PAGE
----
This book was very disappointing. Having a detailed knowledge of the battle of Termoli (October 1943), I decided to check how the author had dealt with this engagement. The account that appears bears little resemblance to what happened and, in fact, the author insults the courage of the men who really won the battle, the poor bloody infantry of 78th Division. At one point he refers to the green soldiers of the Reconnaissance Regiment. Had he checked his facts, he would have found that the regiment referred to, 56th Reconnaissance Regiment, was a highly experienced unit with outstanding service in Tunisia and Sicily and an exemplary CO in Lt-Col Kendal G F Chavasse, cousin of Noel Chavasse VC & Bar, MC. Colonel Chavasse had earned the DSO in Tunisia and received a Bar for his performance at Termoli. It was his regiment that identified the presence of 16th Panzer Division (not 26th Panzer) and which provided the pivot of the defence against its attacks. The SRS were placed under his command but seem to have decided to fight their own battle. Suggestions that Recce troopers abandoned their A/T guns are nonsense. No A/T guns of 56 Recce were in the area but some troopers manned guns from an infantry battalion whose gunners had been killed. The Recce men were also killed while serving their guns.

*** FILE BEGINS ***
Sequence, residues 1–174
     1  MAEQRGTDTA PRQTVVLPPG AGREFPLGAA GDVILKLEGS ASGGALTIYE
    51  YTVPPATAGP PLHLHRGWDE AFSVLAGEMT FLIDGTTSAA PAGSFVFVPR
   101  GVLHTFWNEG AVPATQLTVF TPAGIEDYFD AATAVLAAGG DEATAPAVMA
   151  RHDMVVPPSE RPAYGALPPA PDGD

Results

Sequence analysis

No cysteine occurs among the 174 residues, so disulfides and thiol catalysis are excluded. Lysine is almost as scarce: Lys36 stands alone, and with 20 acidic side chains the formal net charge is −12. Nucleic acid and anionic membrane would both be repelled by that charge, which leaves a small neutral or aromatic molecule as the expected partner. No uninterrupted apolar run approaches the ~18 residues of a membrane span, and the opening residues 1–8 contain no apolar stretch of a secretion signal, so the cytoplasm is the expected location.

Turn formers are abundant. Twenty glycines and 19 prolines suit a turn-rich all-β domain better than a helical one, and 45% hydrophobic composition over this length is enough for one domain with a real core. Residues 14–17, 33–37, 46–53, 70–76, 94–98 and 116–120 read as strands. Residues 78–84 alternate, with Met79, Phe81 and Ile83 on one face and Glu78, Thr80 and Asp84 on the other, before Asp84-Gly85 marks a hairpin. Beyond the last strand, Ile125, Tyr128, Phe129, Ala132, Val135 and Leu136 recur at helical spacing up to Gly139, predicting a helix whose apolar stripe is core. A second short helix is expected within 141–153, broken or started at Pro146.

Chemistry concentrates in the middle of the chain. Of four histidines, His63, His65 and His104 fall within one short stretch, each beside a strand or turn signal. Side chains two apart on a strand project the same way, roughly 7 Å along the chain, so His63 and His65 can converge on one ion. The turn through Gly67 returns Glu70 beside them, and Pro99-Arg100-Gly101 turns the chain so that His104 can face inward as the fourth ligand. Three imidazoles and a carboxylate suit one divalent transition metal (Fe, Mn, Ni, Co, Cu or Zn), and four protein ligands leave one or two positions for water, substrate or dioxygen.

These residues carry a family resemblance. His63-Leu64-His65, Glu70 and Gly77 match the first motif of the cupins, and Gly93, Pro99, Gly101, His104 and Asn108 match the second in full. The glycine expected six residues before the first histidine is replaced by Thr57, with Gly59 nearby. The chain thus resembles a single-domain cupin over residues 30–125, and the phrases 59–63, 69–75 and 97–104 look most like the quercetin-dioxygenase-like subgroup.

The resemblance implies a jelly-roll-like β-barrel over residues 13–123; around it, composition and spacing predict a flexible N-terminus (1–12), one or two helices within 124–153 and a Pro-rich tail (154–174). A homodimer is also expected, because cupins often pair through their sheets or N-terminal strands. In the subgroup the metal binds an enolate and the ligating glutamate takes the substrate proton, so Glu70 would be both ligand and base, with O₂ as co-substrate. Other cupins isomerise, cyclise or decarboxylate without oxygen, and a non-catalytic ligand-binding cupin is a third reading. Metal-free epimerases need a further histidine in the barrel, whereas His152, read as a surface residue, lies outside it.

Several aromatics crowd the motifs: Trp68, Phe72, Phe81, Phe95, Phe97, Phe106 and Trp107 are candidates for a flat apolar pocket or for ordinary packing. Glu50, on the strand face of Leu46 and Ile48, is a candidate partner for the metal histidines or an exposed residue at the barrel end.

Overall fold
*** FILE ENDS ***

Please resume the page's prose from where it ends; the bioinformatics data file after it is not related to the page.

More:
Mr Kemp makes the mistake of taking his facts from only one source, members of the SAS, and assuming that these are accurate. He ought to have consulted the records and veterans of the units that won the battle.
Having read his account of Termoli, I found it difficult to accept many of his other statements at face value.
A very disappointing book.